Do All Grandfather Clocks Have to Be Wound?

If you’re considering purchasing a Grandfather clock, with its swinging pendulums, echoing chimes, and long wooden cases, you might be wondering how you’ll keep your new clock functioning. There are a variety of Grandfather clock types, and each requires somewhat different maintenance. Do all Grandfather clocks need to be wound and if so, how often do you have to wind them?

Not all Grandfather Clocks have to be wound. Quartz Grandfather Clocks are battery operated and therefore do not require winding. All Mechanical Grandfather Clocks do have to be wound.

If you’d like to find out more about keeping your Grandfather clock wound, read on.

Do You Need to Wind a Mechanical Grandfather Clock?

All Mechanical Grandfather clocks need to be wound.

The Grandfather clock, designed by English clockmaker William Clement in 1670, is known for its tall, freestanding, weight driven pendulum, with the pendulum clock being observable within the inside of the Grandfather clock tower or in the waist of the case.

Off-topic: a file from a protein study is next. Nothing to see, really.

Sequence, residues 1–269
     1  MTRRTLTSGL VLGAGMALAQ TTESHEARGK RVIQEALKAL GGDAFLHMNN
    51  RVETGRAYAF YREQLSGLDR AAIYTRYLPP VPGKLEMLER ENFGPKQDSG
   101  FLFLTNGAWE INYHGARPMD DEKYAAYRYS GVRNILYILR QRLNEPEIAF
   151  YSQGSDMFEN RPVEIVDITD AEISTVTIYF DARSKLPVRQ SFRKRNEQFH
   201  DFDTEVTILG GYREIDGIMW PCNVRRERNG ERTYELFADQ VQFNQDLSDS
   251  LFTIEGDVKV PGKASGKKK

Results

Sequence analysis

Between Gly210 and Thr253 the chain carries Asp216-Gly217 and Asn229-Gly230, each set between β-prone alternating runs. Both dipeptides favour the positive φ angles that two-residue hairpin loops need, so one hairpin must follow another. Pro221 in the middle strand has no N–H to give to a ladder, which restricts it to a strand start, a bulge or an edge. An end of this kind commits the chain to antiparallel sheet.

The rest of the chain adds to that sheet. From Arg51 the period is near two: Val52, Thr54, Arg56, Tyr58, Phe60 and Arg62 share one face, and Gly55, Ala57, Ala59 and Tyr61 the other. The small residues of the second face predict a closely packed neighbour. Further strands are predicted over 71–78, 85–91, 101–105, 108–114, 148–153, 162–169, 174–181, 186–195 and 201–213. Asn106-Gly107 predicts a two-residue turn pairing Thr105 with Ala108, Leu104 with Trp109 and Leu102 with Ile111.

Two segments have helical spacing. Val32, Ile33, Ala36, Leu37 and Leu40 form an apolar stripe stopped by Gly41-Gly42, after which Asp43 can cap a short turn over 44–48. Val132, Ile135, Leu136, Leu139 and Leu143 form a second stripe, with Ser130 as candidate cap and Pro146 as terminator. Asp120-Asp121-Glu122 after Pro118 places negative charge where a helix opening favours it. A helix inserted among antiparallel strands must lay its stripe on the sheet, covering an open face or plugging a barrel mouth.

Mechanical Grandfather clocks are powered by Mechanical Energy. In Physics, Mechanical Energy, also known as Kinetic Energy, or Energy of Motion, is used to describe a type of energy that is powered by the position of an object’s parts.

Essentially, Mechanical Energy functions by using the gravitational forces of a system, to continue staying in motion. Potential Energy is the energy that is stored within an object due to its position. For example, when a pendulum swings, it has its greatest amount of Potential Energy when it is elevated to a height before swinging. It has its greatest amount of Mechanical Energy when it is in peak motion.(Source)